Will only get worse with the large data centers of the world focused on using Hydrogenated vegetable oil(HVO) as a diesel replacement in standby generators. It’s all about lowering carbon footprint for the conglomerates.
    If this is so, all they are doing is moving the location where the fuel is burning. That’s all any of this green bullshit does.

  5. #5
    Join Date
    Jan 2003
    Location
    TheRez
    Posts
    11,134

    Default

    price will come down when they make more of it.
    We gave you Corn,you gave us clap,bad trade.

  6. #6
    Join Date
    Dec 2005
    Location
    Ballard's Landing
    Posts
    15,070

    Default

    Quote Originally Posted by Southernduck View Post
    A 70ac farm in Iowa sold for $30,000/ac to a farmer this week. Land market is insane still.

    Smilee are you referring to the renewable diesel deal from soybeans?
    Holy hell.
    Be proactive about improving public waterfowl habitat in South Carolina. It's not going to happen by itself, and our help is needed. We have the potential to winter thousands of waterfowl on public grounds if we fight for it.

  7. #7
    Join Date
    Nov 2005
    Location
    Fort Kickass
    Posts
    49,270

    Default

    Quote Originally Posted by HARV View Post
    price will come down when they make more of it.
    .

    dirt is the highest value asset a farmer can buy, but cant depreciate.
    "Rivers and the inhabitants of the watery elements are for wise men to contemplate and for fools to pass by without consideration" -Izaak Walton

  8. #8
    Join Date
    Jan 2003
    Location
    TheRez
    Posts
    11,134

    Default

    big change in valuation from when I bought the farm in 1977 til now I tall ya!
    We gave you Corn,you gave us clap,bad trade.

  9. #9
    Join Date
    Aug 2021
    Location
    NC
    Posts
    2,252

    Default

    It is not just farm land that has doubled in value. Timberland is sky high too.

  10. #10
    Join Date
    Jan 2003
    Location
    TheRez
    Posts
    11,134

    Default

    so's groceries
    We gave you Corn,you gave us clap,bad trade.

  11. #11
    Join Date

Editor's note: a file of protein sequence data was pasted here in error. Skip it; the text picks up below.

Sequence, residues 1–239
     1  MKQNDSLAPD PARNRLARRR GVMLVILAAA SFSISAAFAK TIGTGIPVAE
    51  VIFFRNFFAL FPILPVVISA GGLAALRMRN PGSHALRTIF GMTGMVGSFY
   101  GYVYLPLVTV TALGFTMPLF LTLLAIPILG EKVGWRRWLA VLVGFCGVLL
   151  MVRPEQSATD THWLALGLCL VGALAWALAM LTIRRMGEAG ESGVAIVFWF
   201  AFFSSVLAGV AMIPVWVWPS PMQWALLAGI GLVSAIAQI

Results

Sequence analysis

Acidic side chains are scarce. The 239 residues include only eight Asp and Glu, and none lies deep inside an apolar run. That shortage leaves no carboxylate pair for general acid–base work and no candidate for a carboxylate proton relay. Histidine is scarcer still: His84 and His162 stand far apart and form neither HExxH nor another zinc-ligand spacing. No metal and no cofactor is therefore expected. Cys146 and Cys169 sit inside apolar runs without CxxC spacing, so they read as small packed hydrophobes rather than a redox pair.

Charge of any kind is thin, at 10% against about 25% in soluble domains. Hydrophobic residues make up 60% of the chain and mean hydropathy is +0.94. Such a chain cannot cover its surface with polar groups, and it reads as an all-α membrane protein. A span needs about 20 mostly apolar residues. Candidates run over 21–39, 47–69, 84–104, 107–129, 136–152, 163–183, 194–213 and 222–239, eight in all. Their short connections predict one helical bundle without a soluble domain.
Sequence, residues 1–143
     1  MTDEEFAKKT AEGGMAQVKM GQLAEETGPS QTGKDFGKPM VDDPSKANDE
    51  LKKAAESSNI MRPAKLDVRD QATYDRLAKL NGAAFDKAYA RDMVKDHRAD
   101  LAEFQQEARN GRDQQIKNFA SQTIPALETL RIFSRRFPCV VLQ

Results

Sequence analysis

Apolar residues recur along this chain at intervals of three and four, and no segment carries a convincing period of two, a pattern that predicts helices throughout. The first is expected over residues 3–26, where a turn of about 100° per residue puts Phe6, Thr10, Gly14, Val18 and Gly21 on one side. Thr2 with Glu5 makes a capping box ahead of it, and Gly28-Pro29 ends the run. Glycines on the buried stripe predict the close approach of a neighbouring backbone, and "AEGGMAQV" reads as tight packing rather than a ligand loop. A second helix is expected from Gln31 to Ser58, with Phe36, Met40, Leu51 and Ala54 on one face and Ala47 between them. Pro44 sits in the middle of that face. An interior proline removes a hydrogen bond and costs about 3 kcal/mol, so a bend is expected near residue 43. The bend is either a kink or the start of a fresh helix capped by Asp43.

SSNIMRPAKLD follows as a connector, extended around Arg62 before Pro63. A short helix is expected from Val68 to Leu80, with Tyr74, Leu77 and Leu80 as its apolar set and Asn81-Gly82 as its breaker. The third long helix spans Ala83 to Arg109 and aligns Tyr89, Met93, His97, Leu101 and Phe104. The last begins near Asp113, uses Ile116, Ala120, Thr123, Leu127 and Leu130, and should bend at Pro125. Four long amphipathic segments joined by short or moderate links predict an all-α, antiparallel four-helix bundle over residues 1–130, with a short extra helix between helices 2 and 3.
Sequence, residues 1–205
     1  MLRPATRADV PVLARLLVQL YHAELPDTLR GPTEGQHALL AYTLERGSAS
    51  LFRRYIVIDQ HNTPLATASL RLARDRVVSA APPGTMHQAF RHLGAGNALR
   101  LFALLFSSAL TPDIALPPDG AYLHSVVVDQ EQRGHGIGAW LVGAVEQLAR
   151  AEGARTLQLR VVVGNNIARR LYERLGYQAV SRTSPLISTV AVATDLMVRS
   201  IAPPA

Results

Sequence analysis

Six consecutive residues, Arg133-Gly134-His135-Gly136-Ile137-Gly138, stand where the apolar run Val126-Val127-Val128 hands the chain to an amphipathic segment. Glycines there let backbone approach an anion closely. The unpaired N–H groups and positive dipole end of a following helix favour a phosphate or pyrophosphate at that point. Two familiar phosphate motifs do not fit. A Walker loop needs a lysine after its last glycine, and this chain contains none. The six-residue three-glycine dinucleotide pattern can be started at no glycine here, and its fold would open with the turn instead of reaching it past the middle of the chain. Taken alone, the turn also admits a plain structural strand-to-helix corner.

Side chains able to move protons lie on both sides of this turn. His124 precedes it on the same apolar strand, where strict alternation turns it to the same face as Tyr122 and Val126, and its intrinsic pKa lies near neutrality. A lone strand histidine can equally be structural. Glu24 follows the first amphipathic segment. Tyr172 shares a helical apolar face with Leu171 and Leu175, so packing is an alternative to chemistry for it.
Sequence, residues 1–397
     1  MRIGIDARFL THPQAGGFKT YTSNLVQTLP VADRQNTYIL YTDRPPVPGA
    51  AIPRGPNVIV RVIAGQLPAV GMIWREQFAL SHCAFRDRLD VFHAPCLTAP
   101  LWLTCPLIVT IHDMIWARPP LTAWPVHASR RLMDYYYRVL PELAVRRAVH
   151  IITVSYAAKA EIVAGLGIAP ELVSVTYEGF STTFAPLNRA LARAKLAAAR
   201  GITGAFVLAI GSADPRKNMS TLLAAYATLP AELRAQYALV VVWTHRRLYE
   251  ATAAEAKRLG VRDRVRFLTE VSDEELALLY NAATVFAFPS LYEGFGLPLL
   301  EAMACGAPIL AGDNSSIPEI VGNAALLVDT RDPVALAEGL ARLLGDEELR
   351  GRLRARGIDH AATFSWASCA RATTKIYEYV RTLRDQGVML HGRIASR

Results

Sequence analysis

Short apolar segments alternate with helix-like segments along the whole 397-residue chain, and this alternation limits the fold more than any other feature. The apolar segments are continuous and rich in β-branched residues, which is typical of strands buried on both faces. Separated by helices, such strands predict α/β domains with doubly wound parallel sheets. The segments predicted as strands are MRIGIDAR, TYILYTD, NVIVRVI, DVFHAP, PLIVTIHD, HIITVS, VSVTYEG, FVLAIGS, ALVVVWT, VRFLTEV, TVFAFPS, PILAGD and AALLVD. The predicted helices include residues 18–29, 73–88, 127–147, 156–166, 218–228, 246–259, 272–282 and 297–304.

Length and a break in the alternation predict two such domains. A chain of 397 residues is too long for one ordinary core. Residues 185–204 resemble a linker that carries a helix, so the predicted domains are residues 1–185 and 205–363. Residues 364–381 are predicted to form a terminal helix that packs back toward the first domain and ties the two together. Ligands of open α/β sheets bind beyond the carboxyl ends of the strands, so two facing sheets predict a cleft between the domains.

Aug 2021
    Location
    NC
    Posts
    2,252

    Default

    Lets go Brandon

  12. #12
    Join Date
    Nov 2007
    Location
    Newberry SC
    Posts
    3,386

    Default

    I could type pages of things.

    HVO is being used in Europe and just starting production in US. Chevron is leader right now. Much better than biodiesel for storage and not being a solvent. Equivalent power to ULSD from most engines. The trucking industry will gobble it up once the turkey gets fried considering the intiative to lower on highway emissions first.

    We’ve got engines running 25 up to 100 percent hydrogen. Green is subjective to how the hyrdrogen is obtained.

  13. #13
    Join Date
    May 2022
    Posts
    26

    Default

    It is a great asset to own and I dont think that will change for another thousand years.

  14. #14
    Join Date
    Jun 2004
    Location
    Summerton
    Posts
    315

    Default

    Quote Originally Posted by Smilee View Post
    I could type pages of things.

    HVO is being used in Europe and just starting production in US. Chevron is leader right now. Much better than biodiesel for storage and not being a solvent. Equivalent power to ULSD from most engines. The trucking industry will gobble it up once the turkey gets fried considering the intiative to lower on highway emissions first.

    We’ve got engines running 25 up to 100 percent hydrogen. Green is subjective to how the hyrdrogen is obtained.
    Got a stock play?

Bookmarks

Posting Permissions

  • You may not post new threads
  • You may not post replies
  • You may not post attachments
  • You may not edit your posts
  •